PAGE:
It may surprise you, but a number of clients come to us because someone built them a website that breaks, is clunky to update or was built with technology that is now obsolete. There’s often not enough scrutiny placed on future-proofing a site to make sure the client can use it for the duration of its lifespan. But it doesn’t have to be that way.
When developing a web product, a developer thinks about how the product will act. It could be a tool that communicates information about a product or organization. Or it might be a service that completes transactions. Then there’s the site owner’s back-end experience. Suffice to say, there’s a lot to consider before jumping into the build. The intention of this article is to focus on how to successfully ensure your web product is easy to use and has longevity, from one humble developer’s perspective.
Think of a website like LEGOs. It’s a composition of building blocks. Sites include combinations of conditions of logic, as well as varying modules that perform different functional requirements. Consider the LEGO analogy. Do the bricks come with easy instructions? Do the blocks go together intuitively? Are they organized in a way that sets the user up to build what they want successfully?
Now consider a more specific LEGO Transformer set. How many different configurations are possible within the given framework? Does this purchase meet expectations? What quality assurance was considered when the LEGOs were designed? Are they durable after many uses? How well does the condition of the overall product withstand environmental or elemental factors? Is the Transformer set compatible with other LEGO sets?
Whether building products from the ground up or finding alternative solutions that serve our clients’ needs, the success of the final deliverable can be measured by asking a few simple questions.
CLIENTS’ EASE OF USE
Did the product come with good instructions? Was there training?
A good web product always comes with good instructions, just like a LEGO set. This can be in the form of an interactive design guide, usually accompanied by samples of the modules and tutorials. Training is also an important part of learning how something works. Demonstrations of the modules in use and how to change them helps nourish a healthy relationship between the administrator and the web product.
Can the site owner make changes intuitively while maintaining the website?
More often than not, websites are about creating, reading, updating, and destroying content — or “CRUD” for short. The “CRUD” method works best when the process feels intuitive. Think back to our LEGOs: how many hoops does the builder have to jump through to make changes? The simpler the process is, the better.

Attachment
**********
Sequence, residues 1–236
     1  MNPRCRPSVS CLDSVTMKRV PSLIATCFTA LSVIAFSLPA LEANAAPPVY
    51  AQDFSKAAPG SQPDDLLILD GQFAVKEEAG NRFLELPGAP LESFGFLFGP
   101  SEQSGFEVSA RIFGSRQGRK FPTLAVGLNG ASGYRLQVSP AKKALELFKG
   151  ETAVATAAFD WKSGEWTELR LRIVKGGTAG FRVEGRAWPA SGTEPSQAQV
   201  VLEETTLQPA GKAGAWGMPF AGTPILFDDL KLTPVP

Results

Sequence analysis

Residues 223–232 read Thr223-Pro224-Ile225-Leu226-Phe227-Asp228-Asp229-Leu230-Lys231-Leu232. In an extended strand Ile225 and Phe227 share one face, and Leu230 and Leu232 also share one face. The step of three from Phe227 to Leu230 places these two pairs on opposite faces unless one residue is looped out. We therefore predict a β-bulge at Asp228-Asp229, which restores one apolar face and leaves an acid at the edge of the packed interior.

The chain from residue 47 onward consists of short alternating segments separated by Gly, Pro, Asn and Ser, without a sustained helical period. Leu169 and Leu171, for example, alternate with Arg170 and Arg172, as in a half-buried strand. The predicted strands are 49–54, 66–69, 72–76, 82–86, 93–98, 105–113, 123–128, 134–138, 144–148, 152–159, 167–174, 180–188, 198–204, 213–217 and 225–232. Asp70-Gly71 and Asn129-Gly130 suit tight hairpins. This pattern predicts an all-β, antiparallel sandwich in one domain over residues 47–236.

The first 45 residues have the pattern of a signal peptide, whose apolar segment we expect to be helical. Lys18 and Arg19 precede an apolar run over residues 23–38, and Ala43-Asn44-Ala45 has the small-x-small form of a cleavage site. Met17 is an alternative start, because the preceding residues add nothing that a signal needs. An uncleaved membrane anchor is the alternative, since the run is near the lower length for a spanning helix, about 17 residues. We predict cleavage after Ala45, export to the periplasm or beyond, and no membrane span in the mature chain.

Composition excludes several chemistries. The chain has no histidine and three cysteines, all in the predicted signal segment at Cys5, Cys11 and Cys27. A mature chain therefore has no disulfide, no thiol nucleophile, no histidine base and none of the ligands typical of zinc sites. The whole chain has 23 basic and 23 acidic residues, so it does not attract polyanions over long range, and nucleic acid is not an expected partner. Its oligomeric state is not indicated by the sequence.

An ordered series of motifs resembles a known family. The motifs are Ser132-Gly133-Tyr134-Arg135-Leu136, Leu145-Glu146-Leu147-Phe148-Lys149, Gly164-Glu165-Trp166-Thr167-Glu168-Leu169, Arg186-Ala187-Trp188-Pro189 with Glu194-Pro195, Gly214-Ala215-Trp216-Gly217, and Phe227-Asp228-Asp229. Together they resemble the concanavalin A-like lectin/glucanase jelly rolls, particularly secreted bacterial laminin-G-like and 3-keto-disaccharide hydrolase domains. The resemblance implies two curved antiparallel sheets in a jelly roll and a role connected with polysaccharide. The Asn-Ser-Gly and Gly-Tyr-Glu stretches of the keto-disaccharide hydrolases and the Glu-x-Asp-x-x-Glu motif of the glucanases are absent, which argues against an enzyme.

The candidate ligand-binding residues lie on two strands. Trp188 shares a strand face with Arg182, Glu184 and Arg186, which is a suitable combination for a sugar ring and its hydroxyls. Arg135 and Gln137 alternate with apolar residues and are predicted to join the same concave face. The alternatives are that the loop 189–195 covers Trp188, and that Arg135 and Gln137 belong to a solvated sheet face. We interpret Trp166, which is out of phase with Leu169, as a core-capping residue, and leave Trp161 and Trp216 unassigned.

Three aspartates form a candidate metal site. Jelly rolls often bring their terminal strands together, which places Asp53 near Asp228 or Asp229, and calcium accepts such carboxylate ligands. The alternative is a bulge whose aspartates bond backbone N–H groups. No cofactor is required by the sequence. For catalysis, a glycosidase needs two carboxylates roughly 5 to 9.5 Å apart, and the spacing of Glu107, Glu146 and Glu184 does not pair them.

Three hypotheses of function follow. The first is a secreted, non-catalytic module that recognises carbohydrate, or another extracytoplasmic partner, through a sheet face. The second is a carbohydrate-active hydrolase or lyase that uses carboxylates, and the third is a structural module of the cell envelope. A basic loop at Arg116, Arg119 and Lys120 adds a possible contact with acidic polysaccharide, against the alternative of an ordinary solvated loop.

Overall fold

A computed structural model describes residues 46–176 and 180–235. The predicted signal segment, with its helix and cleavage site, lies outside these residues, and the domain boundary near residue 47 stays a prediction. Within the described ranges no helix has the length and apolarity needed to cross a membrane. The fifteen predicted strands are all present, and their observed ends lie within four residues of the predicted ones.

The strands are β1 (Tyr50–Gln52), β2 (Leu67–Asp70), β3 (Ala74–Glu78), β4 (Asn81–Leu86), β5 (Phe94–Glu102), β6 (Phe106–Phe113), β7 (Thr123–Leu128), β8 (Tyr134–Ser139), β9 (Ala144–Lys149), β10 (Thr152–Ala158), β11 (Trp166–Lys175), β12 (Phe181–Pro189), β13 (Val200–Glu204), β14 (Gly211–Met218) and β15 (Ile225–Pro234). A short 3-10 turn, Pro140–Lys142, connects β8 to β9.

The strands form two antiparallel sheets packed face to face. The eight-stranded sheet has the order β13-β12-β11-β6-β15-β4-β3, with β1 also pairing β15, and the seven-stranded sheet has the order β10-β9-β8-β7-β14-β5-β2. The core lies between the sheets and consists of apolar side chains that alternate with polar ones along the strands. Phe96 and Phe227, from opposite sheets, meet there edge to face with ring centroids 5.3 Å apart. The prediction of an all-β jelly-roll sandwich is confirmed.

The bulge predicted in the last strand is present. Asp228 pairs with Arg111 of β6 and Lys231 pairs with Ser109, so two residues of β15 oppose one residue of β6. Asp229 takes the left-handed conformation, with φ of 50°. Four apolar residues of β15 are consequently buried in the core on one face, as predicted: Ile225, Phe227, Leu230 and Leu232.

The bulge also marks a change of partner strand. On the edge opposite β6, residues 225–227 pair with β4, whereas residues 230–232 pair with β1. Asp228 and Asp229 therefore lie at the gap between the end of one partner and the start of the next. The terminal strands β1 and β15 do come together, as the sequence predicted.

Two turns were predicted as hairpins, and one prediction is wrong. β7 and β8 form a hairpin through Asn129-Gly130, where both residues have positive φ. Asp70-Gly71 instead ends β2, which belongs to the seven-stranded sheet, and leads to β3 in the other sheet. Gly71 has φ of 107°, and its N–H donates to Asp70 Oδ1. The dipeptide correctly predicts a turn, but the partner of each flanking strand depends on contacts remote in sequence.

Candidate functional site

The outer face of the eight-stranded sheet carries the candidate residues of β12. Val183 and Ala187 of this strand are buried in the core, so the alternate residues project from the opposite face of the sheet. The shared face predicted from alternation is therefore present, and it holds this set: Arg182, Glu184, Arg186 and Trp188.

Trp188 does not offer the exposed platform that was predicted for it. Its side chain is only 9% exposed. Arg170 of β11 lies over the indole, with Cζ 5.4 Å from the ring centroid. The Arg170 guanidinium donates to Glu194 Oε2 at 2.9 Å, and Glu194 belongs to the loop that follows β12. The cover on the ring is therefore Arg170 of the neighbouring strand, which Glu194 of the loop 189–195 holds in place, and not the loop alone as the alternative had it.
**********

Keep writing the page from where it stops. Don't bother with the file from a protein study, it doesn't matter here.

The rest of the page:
Can the product grow and scale easily over time?
From a server perspective, the resources ought to be set up in a way that can most effectively deliver content over time. The product’s growth ideally won’t affect performance or usability, so long as these resources are considered ahead of time.
Can the product extend and adapt to the anticipated needs over time?
In terms of flexibility, modules (like LEGOs) are ideally set up for administrators to jump right in and plug and play. But the way modules are built can have a dramatic effect on how easy it is for a product to adapt to different needs over time. So it’s important to align on a web product’s expectations and anticipated needs from the start. The better the client and agency can collaboratively decide how content might shapeshift over time, the better modules can be developed and used.
LONGEVITY AND FUTURE PROOFING
Does the design UX have longevity?
It helps when all necessary website components are thought through and understood before jumping into development. Common content requirements and even uncommon issues are important to consider when designing and developing modules. This typically requires clients and agencies to collaboratively nail down what these requirements are, to ensure better UX longevity.
Does the technology have longevity?
Was the web product built with standards that adhere to modern approaches adopted by the tech industry? Similar to LEGOs, it’s important to build a framework that will last. With technology, that means choosing the right languages, stack, frameworks, frontend, and backend setups that best adhere to the web product’s needs.
Regardless of scope, the success of a product can be measured by how the client team answers these questions. With any web project, asking these questions up front will lead to fewer redesigns, less frustration, less downtime for the site or features, and ultimately, more cost savings. The end user needs to have a great website experience, but don’t forget: the site owner’s experience is almost of equal importance.